The increased internationalisation of capital has made for closer relationships between the subordinate ruling classes of Africa, Asia and Latin America, and the centres of world power. The former have largely abandoned state led development policies in favour of neo-liberal formulas drawn up in Washington, Tokyo and London, which they believe to be beneficial to their interests. But as the outcome of such policies becomes clearer, problems which have always attended co-operation among capitalists (Marx's 'band of warring brothers') have started to re-emerge. These have affected the new trading blocs, global agreements, and local economies and states. There have been a number of preliminary tremors: the US has been unable to drive through its World Trade Agreement; the US and the EU have fallen out over tariffs; and Middle Eastern states promised a new trade deal with the EU have begun to complain bitterly about broken promises. In August 1998 the Financial Times warned of a 'severe protectionist backlash' in the US which could intensify as businesses dived for cover under the protection of the national state.139 But the real shock has come with repeated currency meltdowns and generalised crisis in South East Asia. This has brought the whole economic orthodoxy into question. Former free market fanatic Mahathir Mohamad of Malaysia has blamed 'foreign capital' and 'speculators' for his difficulties and attempted a move towards autarkic local solutions by banning sales of the ringgit and organising state buyouts of non-performing loans and assets of banks--heresies among his one time friends of the neo-liberal establishment. US financier George Soros--a totemic figure for ideologues of globalisation--has attacked Mahathir as 'a menace to his own country'.140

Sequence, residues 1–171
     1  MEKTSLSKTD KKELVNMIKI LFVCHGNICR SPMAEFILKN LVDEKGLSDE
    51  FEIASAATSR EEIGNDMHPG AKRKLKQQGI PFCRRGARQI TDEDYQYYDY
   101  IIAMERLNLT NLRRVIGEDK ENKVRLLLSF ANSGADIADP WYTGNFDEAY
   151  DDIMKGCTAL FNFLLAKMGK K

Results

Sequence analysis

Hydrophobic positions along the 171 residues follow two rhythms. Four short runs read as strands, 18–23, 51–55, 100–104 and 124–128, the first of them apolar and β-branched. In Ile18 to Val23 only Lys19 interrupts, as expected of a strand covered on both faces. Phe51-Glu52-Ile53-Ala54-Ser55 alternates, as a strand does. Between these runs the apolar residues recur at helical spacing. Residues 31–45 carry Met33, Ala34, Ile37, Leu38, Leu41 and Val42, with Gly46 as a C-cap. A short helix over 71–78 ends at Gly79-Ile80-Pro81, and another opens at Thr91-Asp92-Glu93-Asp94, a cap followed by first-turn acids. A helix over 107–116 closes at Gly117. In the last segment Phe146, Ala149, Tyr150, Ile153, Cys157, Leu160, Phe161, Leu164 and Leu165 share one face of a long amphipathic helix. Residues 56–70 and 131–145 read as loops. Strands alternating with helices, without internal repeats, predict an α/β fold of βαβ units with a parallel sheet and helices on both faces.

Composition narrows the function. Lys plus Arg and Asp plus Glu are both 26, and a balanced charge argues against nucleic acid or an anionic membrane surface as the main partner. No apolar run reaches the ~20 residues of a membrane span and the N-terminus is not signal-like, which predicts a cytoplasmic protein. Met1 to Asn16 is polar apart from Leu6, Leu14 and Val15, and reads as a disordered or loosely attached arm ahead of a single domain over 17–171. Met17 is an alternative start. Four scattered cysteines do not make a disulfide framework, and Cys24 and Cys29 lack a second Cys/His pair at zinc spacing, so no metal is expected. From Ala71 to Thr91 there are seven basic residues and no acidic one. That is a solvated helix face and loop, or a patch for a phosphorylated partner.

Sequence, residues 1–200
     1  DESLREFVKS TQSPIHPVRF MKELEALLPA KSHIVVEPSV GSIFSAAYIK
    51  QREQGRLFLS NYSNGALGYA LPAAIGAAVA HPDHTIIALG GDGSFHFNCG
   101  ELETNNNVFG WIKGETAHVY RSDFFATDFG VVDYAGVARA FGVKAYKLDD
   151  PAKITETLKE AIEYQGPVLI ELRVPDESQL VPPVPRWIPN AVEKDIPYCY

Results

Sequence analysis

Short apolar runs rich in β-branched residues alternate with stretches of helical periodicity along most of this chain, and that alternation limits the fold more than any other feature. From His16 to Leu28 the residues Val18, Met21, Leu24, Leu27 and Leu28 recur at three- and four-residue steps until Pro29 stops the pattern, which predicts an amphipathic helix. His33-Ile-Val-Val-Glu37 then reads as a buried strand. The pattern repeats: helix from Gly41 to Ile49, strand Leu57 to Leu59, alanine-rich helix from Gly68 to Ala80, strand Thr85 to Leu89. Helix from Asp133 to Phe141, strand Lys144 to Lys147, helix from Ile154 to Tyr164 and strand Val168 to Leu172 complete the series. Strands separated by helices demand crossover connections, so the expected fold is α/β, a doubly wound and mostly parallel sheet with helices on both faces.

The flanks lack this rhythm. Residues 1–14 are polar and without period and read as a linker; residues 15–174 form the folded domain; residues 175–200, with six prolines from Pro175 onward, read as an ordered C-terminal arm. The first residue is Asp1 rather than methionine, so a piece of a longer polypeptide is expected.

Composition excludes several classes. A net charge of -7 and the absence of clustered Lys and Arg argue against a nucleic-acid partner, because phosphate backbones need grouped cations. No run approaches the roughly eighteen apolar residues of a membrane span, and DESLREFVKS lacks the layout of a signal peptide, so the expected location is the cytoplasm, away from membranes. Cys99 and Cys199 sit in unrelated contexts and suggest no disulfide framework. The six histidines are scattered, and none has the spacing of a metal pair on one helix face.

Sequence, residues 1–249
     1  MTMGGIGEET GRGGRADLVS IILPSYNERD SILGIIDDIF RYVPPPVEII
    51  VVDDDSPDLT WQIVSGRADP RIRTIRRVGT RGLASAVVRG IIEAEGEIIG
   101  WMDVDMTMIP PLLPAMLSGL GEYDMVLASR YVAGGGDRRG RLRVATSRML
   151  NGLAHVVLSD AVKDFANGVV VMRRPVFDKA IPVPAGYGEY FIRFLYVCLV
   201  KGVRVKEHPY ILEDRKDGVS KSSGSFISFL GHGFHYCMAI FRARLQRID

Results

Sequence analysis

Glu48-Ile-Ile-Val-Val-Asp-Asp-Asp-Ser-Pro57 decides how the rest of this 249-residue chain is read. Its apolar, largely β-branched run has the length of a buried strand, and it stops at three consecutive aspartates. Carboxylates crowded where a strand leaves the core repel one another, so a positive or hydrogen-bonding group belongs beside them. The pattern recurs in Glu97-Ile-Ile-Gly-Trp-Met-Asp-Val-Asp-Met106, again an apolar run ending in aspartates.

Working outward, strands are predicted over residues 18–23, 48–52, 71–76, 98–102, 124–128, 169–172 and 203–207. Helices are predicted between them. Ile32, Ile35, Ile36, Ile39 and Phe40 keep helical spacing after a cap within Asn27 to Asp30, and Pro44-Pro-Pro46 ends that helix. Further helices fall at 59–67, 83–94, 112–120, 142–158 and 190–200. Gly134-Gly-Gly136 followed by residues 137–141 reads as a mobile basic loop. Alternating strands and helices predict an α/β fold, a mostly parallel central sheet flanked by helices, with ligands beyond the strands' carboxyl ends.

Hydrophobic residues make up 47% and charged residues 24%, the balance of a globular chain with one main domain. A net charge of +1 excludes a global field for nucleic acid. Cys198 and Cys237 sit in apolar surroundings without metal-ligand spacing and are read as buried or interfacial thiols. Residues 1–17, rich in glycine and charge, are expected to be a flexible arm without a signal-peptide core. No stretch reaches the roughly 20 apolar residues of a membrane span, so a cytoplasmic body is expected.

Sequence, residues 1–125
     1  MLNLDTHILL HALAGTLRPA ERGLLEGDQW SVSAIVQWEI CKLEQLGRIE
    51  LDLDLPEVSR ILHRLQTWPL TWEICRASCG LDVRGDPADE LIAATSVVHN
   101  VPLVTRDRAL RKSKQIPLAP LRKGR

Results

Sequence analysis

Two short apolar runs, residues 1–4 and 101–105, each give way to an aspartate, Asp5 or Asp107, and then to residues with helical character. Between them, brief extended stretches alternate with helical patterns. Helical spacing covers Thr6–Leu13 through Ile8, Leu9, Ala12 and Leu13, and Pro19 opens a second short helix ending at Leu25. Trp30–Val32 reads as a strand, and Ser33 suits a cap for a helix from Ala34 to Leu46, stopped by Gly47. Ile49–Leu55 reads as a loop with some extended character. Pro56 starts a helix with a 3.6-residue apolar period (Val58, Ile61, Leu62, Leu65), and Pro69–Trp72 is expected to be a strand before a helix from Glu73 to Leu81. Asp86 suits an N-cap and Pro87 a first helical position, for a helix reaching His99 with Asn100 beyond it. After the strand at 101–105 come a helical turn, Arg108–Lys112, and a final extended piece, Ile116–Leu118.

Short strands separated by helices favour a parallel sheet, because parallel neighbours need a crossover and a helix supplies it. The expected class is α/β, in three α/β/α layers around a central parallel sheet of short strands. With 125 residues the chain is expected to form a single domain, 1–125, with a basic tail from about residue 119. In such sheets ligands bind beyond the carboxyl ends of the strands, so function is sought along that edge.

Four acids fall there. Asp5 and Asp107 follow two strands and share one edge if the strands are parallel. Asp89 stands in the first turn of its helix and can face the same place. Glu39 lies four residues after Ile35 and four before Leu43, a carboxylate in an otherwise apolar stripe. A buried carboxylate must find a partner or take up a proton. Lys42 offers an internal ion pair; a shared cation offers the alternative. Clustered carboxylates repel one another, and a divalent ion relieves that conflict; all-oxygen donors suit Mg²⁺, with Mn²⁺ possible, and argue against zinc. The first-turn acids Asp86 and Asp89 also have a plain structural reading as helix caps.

Soros is also in a state of panic, however. To the surprise of the neo-liberals, he has been a leading figure in calling for new structures for supervision of the global market: in effect, he wishes for a global state which will guarantee his own worldwide search for speculative gain. Increasingly perplexed by the instabilities of the world system, he has become a new prophet of global doom, suggesting, 'The collapse of the global marketplace would be a traumatic event with unimaginable consequences. Yet I find it easier to imagine than continuation of the present regime'.141 Leading US economist Paul Krugman has argued that only extensive capital controls can rescue the Asian economies and that urgent action is needed. These formulas are viewed with alarm by fundamentalist neo-liberals. For The Economist they constitute 'a worrying backlash against free markets'.142 Third World countries must go on bending to 'market discipline', argues the magazine--only then will they be rewarded with prosperity 'for decades to come'.143 Increasingly, speculators, industrialists, governments and economic journalists have turned on one another. As one US economist observed, 'The International Monetary Fund blames the national governments, the national governments blame the outsiders, and the populations blame some combination of the two'.144